I rise to speak to this matter of urgency. What happened in Afghanistan was the murder and torture of innocent people, even children, which left families torn apart and communities in ruin. These heinous war crimes committed by Australia are another shameful chapter in our history. We demand justice for the victims.
Government senators interjecting—
Senator FARUQI: This government should be ashamed, standing there, shouting back at us and saying that these crimes didn't happen. The perpetrators of these crimes and their superiors must be held to account and must face the full force of the law. Justice must be served here. All investigations must be independent, and the findings have to be made public. There must be fair compensation and reparations for the families and to the communities targeted by these disgusting crimes. The government must apologise to those families. Australian soldiers must be brought home. In stories like that of Australian soldiers drinking beer out of a dead Taliban fighter's prosthetic leg we see the culture that allowed this brutality to go on.
We shouldn't just oppose war crimes, though; we should reject the militarism and the nationalism that encourages them. World over, we see the horrifying human cost when unfettered militarism and nationalism fuel and permit state violence. In Palestine, the occupying forces have committed untold human rights abuses with impunity and the support of those who deny Palestinian people self-determination and the right of return. In Kashmir, the military continues to enforce a cruel lockdown, denies Kashmiris access to internet and other essentials and is responsible for arbitrary detentions. In Xinjiang, a vast military apparatus sustains the oppression and cultural genocide of Uighurs, separating families, detaining hundreds of thousands, and subjecting many to cruelties like forced sterilisation.
Just as all violence and war must be condemned and avoided, the politicians who take us to wars must be condemned and held to account. The post-9/11 wars on terror have raged for 20 years now. These wars have killed half a million civilians in Afghanistan, Iraq and Pakistan. Women have been the often unseen victims of this war, their rights violated while they face gender based violence. Afghans have been forced to flee their own country. They are now one of the largest refugee populations in the world.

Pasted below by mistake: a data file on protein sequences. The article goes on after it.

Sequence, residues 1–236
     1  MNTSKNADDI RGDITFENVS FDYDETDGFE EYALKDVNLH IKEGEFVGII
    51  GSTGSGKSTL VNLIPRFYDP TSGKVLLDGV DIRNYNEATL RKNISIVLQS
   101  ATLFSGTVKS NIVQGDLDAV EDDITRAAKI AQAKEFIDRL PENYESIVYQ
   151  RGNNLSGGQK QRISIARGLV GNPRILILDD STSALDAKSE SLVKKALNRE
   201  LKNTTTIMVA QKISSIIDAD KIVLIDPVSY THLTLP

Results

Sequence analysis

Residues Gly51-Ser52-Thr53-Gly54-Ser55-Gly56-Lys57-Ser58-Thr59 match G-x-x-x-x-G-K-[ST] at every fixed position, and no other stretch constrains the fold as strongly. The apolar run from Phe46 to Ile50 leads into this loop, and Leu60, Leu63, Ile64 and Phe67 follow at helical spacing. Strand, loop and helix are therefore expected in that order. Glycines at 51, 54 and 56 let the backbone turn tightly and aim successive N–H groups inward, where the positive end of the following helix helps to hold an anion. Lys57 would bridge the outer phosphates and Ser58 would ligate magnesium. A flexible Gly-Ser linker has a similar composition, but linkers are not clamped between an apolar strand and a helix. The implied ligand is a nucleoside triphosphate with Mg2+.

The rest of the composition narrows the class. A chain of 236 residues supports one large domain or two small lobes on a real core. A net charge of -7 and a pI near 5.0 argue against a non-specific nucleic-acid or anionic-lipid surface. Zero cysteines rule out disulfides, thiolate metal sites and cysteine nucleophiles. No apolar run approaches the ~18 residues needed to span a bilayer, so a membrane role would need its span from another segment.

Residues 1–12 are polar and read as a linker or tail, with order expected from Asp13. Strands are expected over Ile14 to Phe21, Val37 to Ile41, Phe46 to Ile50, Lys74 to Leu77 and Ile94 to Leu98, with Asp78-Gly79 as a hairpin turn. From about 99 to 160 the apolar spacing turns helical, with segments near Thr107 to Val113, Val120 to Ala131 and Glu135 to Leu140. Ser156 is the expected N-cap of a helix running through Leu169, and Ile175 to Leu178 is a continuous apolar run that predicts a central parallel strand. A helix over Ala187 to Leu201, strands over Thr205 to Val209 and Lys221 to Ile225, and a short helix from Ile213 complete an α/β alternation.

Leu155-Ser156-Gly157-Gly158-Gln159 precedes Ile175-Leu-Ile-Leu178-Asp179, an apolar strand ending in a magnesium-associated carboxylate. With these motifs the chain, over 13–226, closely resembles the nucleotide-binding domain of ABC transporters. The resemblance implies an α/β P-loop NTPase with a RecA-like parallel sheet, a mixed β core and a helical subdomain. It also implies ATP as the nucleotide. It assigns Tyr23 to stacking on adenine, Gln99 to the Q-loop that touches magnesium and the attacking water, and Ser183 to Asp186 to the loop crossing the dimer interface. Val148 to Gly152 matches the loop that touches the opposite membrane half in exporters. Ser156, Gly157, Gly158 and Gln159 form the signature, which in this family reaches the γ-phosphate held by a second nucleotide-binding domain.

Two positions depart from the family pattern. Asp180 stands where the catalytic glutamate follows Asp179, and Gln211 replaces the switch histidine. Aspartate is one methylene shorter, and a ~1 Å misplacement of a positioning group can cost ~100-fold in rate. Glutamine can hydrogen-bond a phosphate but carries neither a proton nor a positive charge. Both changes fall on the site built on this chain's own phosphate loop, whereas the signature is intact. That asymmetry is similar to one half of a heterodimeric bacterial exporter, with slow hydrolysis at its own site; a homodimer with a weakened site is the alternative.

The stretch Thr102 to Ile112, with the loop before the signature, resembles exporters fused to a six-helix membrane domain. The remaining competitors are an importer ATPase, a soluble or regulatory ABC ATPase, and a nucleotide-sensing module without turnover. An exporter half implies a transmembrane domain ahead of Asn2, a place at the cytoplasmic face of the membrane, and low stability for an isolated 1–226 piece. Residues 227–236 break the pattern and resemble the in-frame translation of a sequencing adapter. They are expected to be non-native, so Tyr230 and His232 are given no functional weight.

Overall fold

We must admit that deploying armed forces, guns and bombs in the name of quashing terrorism will not protect anyone. It has the exact opposite effect. We must stop warmongering and blindly following the US. Where war is concerned, history has sadly repeated itself time and again. The incessant self-interested attempts of the West to control and extinguish complex Middle Eastern conflicts must end. We must not forget that the root cause of these conflicts stems from similar Western interventions in the first place. We need to clearly imagine what we want for the world. That means changing the conversation from going to war to bringing peace and justice. If that is what we aim for then our success will rest on reparations for past injustices; fair economic, environmental and social development; and respect for human rights—not on military capabilities.
I do want to acknowledge the courage of whistleblowers like David McBride and journalists here and in Afghanistan who put their necks and, indeed, their lives on the line to get the truth out in the open. They must be protected. Australians have been shocked by the inhumanity of the heinous war crimes exposed by the Brereton report. Now is the time to bring people together and send a strong message to our government: war criminals must be charged, soldiers must be brought home, reparations must be given and war is never the answer.